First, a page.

Skin barrier prevents the growth of pathogenic bacteria
The skin protects the human body from its environment. One of the important characteristics of skin is it's surface pH which is largely acidic and is around 5.5. The skin is a habitat for a complex microbial ecosystem. Permanently resident good bacteria act as a defensive barrier and prevent the growth of pathogenic, or bad bacteria.
Changes in skin pH level and use of antimicrobial skin cleansers may compromise the barrier
We normally think that washing our skin more frequently is a good thing. But be wary that intensive use of antimicrobial skin cleansers could lead to an increased susceptibility to skin infections. This is due to the fact that the normal flora of the skin gets invaded, so do not forget that you need to think about your good bacteria not only bad.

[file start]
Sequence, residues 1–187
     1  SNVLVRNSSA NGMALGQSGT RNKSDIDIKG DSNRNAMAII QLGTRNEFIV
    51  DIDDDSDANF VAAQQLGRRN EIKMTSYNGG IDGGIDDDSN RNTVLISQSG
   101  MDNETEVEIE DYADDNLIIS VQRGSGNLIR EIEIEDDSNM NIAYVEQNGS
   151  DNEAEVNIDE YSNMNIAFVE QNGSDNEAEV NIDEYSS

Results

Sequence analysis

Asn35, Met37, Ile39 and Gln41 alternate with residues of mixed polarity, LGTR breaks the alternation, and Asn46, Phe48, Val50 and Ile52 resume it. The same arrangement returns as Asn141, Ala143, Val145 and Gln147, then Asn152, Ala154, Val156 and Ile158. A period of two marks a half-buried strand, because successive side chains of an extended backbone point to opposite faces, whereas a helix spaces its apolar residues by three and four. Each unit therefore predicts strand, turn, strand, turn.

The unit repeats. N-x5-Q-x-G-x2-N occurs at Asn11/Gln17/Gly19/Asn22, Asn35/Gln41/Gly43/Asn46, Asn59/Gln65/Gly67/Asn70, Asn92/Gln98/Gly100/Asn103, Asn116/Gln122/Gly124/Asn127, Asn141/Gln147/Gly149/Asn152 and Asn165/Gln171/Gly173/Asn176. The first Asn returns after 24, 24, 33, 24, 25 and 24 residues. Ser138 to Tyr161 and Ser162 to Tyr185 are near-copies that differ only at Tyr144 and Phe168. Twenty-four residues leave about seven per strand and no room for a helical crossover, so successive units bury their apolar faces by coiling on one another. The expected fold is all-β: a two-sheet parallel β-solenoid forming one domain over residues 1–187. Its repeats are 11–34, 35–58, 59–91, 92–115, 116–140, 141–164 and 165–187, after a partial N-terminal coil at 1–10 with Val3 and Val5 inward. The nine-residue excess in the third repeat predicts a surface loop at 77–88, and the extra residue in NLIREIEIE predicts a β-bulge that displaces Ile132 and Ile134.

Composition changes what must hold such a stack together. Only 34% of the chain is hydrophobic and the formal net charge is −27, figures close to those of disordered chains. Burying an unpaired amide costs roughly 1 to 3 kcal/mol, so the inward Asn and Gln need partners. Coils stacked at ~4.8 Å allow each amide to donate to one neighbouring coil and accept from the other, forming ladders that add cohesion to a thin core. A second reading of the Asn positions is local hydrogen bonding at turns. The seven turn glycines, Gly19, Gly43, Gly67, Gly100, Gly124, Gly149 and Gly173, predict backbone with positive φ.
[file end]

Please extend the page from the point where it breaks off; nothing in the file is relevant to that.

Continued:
Normal soap has alkaline pH, which is a lot higher than pH of the skin. After washing our skin with soap, our skin's pH temporarily goes up, which creates a favourable environment for pathogenic bacteria.
Also, we often hear that natural is better than synthetic, however, some people may prefer synthetic cleanser due to the fact that synthetic cleansers usually have pH that matches the skin. This may be particularly relevant for acne prone individuals to keep P. acnes bacteria at bay.
Tap water in Europe has a pH level of around 8 which is a lot higher than acidic skin surface pH of around 5.5. Washing ourselves under tap water temporarily increases skin pH level even if we use a cleanser that is balanced. If skin is left unwashed and unaltered by any chemicals for 24 hours, its natural level of pH drops to around 4.9.